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Health Care for Hispanics is the Future of Health Care in America

by Vanessa Jones on May 23, 2014 at 5:46 PM
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 Health Care for Hispanics is the Future of Health Care in America

Hispanics represent a large group who have been so far been left out of the health care system. They rely on smart phones and use social media sites They take advice from pharmacists and avoid seeing doctors to save money.

"I definitely think that Hispanics are paving the way when it comes to the use of technology, particularly social media," says Ceci Connolly, managing director of PwC's Health Research Institute, which issued the report.

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"It surprised us a little bit that they are ahead of the rest of the country when you look at how they live their lives and in the way that they talk about having multiple jobs, being on the go. They really live their lives on their devices." 10 million Hispanics are newly eligible for health insurance under the 2010 Affordable Care Act. Online insurance exchanges where people can buy heavily subsidized health insurance are set by the federal government

About 10 percent among those signing up for private health insurance are Hispanic, according to the Obama administration. "Hispanics have tremendous consumer purchasing power, but our research shows that they have also been more likely than other consumers to delay health care, and don't have great trust in the U.S. health system," said Frank Lemmon, principal for PwC U.S. health industries. "As the health industry shifts in how and where care is delivered ó in many cases closer to home ó these long-standing behaviors and attitudes are ripe for change."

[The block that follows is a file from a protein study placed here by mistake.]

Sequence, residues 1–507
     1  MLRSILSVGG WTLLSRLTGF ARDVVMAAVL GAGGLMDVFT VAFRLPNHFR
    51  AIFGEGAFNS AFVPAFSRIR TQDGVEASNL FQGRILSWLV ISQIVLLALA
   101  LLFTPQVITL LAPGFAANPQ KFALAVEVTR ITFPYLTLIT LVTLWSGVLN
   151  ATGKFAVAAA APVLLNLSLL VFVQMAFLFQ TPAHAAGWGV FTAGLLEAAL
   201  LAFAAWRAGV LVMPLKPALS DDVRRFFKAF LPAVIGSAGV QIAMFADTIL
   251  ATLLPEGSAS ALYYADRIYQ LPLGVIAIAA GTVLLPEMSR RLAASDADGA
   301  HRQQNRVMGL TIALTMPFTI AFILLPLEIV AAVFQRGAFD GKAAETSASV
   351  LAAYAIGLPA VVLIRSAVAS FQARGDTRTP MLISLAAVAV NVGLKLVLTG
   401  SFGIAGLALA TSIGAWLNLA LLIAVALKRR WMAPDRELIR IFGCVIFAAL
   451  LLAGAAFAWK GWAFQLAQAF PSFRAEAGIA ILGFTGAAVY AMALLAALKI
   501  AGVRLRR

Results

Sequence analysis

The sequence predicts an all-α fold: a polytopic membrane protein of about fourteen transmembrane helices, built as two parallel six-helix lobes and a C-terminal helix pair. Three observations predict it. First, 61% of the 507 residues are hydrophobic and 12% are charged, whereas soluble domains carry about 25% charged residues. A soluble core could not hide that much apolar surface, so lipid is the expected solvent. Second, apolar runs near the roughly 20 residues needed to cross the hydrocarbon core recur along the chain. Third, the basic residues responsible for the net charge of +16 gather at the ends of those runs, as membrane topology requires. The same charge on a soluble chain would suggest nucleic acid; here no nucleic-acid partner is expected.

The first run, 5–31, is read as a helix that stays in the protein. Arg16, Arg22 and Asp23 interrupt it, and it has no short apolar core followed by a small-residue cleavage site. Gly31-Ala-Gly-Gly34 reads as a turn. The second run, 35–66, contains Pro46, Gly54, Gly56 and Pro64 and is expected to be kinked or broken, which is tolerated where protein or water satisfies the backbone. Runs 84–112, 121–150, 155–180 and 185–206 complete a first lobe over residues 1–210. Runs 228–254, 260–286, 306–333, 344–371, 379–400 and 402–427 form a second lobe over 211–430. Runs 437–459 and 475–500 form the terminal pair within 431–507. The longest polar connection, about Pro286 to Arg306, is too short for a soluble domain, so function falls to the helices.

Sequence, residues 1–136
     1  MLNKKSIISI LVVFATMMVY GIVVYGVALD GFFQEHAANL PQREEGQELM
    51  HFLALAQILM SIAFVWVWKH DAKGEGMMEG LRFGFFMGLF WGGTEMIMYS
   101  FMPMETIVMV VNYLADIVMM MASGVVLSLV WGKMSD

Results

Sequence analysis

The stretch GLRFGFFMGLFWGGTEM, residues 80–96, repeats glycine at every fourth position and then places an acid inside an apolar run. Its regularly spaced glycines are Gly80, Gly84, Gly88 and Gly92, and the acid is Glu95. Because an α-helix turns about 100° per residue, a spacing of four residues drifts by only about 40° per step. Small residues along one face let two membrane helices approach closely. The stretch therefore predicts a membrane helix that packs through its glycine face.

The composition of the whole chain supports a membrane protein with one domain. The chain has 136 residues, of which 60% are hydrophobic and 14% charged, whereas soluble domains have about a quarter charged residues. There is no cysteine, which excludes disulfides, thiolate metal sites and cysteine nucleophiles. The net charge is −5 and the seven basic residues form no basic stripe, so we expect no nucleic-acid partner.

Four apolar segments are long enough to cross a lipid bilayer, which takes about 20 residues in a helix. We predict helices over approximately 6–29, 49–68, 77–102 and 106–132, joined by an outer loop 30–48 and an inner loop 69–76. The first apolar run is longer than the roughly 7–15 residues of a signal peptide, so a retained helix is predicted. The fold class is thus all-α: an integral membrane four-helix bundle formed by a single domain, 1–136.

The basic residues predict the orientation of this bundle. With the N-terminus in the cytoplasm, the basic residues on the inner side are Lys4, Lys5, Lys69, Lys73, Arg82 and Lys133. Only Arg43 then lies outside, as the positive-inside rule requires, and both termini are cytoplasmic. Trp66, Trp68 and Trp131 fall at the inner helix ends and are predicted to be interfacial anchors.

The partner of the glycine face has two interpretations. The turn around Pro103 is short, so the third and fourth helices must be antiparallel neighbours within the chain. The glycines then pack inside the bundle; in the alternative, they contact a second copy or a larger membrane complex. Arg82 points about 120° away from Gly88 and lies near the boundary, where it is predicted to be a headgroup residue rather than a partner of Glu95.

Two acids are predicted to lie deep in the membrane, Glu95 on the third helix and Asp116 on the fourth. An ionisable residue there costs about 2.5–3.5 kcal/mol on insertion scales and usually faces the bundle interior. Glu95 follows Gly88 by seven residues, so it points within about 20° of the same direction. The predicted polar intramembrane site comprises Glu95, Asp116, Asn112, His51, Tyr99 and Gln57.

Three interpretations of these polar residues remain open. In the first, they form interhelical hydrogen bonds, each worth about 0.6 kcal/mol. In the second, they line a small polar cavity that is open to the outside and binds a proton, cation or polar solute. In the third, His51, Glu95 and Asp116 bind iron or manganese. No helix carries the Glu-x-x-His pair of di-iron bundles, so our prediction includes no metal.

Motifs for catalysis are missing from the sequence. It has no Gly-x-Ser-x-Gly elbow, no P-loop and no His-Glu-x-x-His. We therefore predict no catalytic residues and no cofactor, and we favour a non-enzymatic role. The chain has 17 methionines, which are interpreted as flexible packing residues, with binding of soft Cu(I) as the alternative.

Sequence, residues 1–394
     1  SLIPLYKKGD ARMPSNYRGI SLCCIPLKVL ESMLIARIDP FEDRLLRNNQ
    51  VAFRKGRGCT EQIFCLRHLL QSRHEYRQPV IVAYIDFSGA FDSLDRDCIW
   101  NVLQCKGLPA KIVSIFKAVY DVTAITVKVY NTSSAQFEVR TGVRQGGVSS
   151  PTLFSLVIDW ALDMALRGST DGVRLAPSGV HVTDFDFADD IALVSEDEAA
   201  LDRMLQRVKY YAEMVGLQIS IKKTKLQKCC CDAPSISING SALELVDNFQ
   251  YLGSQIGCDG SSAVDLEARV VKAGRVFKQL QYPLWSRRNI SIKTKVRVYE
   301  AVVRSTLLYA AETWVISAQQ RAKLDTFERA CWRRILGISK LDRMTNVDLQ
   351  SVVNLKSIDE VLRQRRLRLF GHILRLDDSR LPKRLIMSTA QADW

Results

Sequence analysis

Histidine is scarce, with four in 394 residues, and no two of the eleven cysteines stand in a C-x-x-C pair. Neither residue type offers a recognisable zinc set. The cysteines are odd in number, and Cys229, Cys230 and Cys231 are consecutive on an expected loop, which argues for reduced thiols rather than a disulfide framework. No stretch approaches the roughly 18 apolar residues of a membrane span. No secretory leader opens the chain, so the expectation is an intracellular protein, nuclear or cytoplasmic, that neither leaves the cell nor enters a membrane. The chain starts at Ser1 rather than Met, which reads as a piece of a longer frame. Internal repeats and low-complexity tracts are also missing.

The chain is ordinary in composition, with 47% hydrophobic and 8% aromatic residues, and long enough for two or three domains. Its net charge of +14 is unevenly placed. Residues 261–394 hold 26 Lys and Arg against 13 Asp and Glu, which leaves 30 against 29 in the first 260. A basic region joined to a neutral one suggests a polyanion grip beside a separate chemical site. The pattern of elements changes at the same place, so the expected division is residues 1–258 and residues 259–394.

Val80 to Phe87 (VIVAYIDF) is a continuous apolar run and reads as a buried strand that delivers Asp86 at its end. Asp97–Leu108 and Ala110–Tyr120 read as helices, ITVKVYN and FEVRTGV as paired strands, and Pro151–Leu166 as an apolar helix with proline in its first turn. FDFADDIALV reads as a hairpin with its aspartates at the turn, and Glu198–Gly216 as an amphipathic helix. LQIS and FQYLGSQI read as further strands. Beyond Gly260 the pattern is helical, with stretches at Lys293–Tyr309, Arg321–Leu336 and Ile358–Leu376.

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43 percent of Hispanics delayed health care due to cost, compared to 35 of the non-Hispanics. Hispanics would compromise over quality care to save costs according to the research. In a study by Pew Research less than 50% Hispanics have regular doctors. . "In many countries in Latin America, they are going to pharmacies for much more of their care than just picking up a prescription," she said in an interview. Hispanics are also leaders in technology, even if they are less likely than other Americans to have a home computer. "We definitely think the rest of the country is following close behind in the use of technology for health care," Connolly said. "Nearly one-fifth of Hispanics said they are already using an app or the Internet to make medical appointments; another 31 percent said they would be very willing to," the report says.

"Companies should tap into Hispanics' mounting purchasing power, 'do-it-yourself' mentality, and willingness to seek care in non-traditional settings. Look to this demographic to pilot mobile health apps ranging from diagnostics to chronic disease management. Hispanics may be the first adopters of these tools," the report advises. Hispanics are the fastest growing U.S. minority group, with a growth of 43% since 2000. They account for 30% of the US population. At the same time, companies should not make the mistake of clubbing Hispanics as a single group. "Health care organizations need to approach Mexicans, Puerto Ricans, and other Hispanic subgroups differently," the report advises. "They also need to understand generational idiosyncrasies and health habits that might be hard to change."

References:

Maggie Fox, May 2014

Hannah Punitha (IRDA Licence Number: 2710062)

Source: Medindia
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